MIAMI - If you were only to look at LeSean McCoy's raw rushing numbers in yesterday's 26-10 win over the Dolphins - a meager 38 yards on 27 carries - you obviously wouldn't be very impressed.

Thirteen of his 27 rushing attempts went for zero or negative yards. His 1.4 yards-per-carry average was the second lowest of his young career.

Yet, in another way, this was one of his most impressive performances of the season. He notched two rushing touchdowns to bring his season total to 14, just one shy of Steven Van Buren's franchise record.

And he continued to establish himself as not just one of the league's best running backs, but also one of its best short-yardage backs despite his relatively small stature (5-10, 205 pounds).

McCoy converted five of six situations of 2 yards or less into either first downs or touchdowns in the win. In the Eagles' last eight games, he has converted 24 of 30 situations of 2 yards or less. For the season, he is 33-for-46.

"He's a tough kid," Eagles coach Andy Reid said of McCoy. "He was getting upset because he had a couple of runs for losses. But he battles. He gets your hard downs for you. Hard yards. I'm proud of him."

McCoy went into the game leading the league in rushing first downs with 71. The closest guy to him was Jacksonville's Maurice Jones-Drew, who had 54.

"When people think of good short-yardage runners, they think of big, powerful backs," said center Jason Kelce. "Bruisers. But Shady, when he needs to, knows how to hit the hole hard."

Because of his speed and lateral quickness and ability to make people miss, McCoy frequently has been likened to Hall-of-Famer Barry Sanders. But he's a much tougher runner. Frequently kept out of the Eagles' goal-line package as a rookie and even part of last year, he's now the go-to weapon inside the 5 when Reid and Marty Mornhinweg have the good sense to run it and not pass it, which still isn't often enough.

But they gave it to him there yesterday. They gave it to him on a first-and-goal at the 1 early in the second quarter with the Dolphins up 7-0. And when he lost a yard on the play, they gave it to him again and he powered his way into the end zone to tie the game.

On the Eagles' next possession, after a first-and-goal pass play from the one failed, they wisely gave it to McCoy again. He sliced through for another score behind several nice blocks, including one by left tackle Jason Peters.

Later in the second quarter, he picked up a first down on a second-and-1 at the Eagles' 36 that kept alive a drive that resulted in another Eagles touchdown when Michael Vick completed a 34-yard scoring pass to DeSean Jackson.

The popular early season thinking was that offensive line coach Howard Mudd's preference for smaller, more athletic linemen was not going to bode well for the Eagles in short-yardage situations. And when Kelce, a rookie who tips the scales at just 280 pounds, got blown up on a goal-line play in September, everybody said, "See, I told you so."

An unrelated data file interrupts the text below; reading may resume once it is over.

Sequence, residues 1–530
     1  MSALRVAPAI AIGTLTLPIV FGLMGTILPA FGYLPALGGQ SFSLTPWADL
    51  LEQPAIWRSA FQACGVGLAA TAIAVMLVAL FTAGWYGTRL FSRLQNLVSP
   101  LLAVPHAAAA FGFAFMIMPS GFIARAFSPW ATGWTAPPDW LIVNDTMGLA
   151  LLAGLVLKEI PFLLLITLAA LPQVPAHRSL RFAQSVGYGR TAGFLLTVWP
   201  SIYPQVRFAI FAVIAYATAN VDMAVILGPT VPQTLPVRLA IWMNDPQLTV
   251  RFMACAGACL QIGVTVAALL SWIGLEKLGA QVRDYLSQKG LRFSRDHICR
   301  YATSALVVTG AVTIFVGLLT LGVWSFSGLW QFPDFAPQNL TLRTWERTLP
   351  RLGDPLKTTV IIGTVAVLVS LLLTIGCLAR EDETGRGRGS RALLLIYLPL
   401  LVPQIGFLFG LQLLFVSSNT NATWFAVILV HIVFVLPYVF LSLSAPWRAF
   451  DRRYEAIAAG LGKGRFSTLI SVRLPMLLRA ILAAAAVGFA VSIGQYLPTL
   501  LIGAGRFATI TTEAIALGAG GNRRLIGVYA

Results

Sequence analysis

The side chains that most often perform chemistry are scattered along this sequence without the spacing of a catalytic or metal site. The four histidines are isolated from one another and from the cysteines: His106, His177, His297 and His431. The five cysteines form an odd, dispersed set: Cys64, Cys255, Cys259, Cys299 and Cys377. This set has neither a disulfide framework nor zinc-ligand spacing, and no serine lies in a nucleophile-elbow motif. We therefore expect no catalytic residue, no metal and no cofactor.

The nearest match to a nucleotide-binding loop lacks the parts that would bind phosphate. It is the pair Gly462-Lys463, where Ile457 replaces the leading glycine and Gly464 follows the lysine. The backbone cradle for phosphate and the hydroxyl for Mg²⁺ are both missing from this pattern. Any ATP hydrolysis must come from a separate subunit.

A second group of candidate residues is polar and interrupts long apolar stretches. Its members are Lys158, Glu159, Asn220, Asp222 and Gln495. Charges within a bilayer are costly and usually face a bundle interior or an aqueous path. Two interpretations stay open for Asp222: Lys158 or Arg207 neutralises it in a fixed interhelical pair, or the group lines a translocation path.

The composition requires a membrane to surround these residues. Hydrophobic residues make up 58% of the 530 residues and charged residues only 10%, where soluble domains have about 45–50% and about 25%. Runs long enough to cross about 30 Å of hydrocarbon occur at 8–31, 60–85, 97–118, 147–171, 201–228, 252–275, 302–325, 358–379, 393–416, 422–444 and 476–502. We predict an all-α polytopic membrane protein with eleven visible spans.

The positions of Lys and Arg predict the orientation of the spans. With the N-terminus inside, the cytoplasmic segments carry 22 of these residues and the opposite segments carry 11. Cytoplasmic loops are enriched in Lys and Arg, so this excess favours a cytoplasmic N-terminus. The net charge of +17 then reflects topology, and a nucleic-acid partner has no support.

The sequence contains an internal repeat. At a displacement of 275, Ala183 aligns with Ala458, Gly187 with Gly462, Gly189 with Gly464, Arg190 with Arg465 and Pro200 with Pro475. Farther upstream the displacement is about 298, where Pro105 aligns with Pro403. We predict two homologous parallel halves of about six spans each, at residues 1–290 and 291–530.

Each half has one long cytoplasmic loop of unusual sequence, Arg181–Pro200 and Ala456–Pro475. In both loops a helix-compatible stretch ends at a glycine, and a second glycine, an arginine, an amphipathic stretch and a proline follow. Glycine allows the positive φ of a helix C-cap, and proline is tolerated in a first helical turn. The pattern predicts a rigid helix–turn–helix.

Thirteen weeks into this disappointing season, their short-yardage ground game has turned out to be the least of the Eagles' problems.

"We've been in the upper middle [in the league] in short-yardage the whole year," Mornhinweg said. "Our line's doing a terrific job there. We had a couple of missed assignments on a few early in the year. But other than that, I've been really pleased with short-yardage and goal line."

Despite gaining just 38 yards against the Dolphins, McCoy has 1,172 rushing yards and is on pace for 1,442, which would be the second most in franchise history to Wilbert Montgomery's 1,512 in '79.

"I really haven't taken time to sit down and think about the things I've done this year," McCoy said. "It's been a tough season, and with us still fighting to make the playoffs, I haven't had a chance to think about things that have happened. But the [Van Buren's touchdown record and Montgomery's yardage record] would be something that would be good to have. To get [Van Buren's] record would be awesome."

McCoy gained 20 yards on his first two carries yesterday, then was held to just 18 on his next 25 carries. While the Dolphins came into the game with the same 4-8 record as the Eagles, they were ranked fifth in the league against the run.

"They did a real good job today," McCoy said. "I was surprised that they focused on the run. They closed a lot of the [running] lanes and got penetration. I was very happy we were able to convert on short-yardage and get those two touchdowns."

McCoy converted just nine of 16 short-yardage situations (2 yards or less) in the Eagles' first five games. But over the last eight games, he has been money.

"A lot of people will say Shady's a flashy back," left guard Evan Mathis said. "But look at his success in short-yardage. He can pound the rock. He's not just a quick-hitter. He's a tough, hard-nosed back who's willing to put his head down and run through somebody."

"He's not going to try and juke everybody," said right tackle Todd Herremans. "If he sees a hole and knows there's only a couple of yards to get, he's going to put his shoulders down and get that. That's one aspect of his game that a lot of people sleep on."

Peters has played a major role in McCoy's rushing success this season, particularly in short-yardage. Like McCoy, the left tackle is having the best season of his career.

"You just have to man up in those [short-yardage] situations and beat the guy across from you," Peters said. "As long as I can get into the guy and make him take his eyes out of the backfield and focus on me, I know that [McCoy] will find a crease and hit it."

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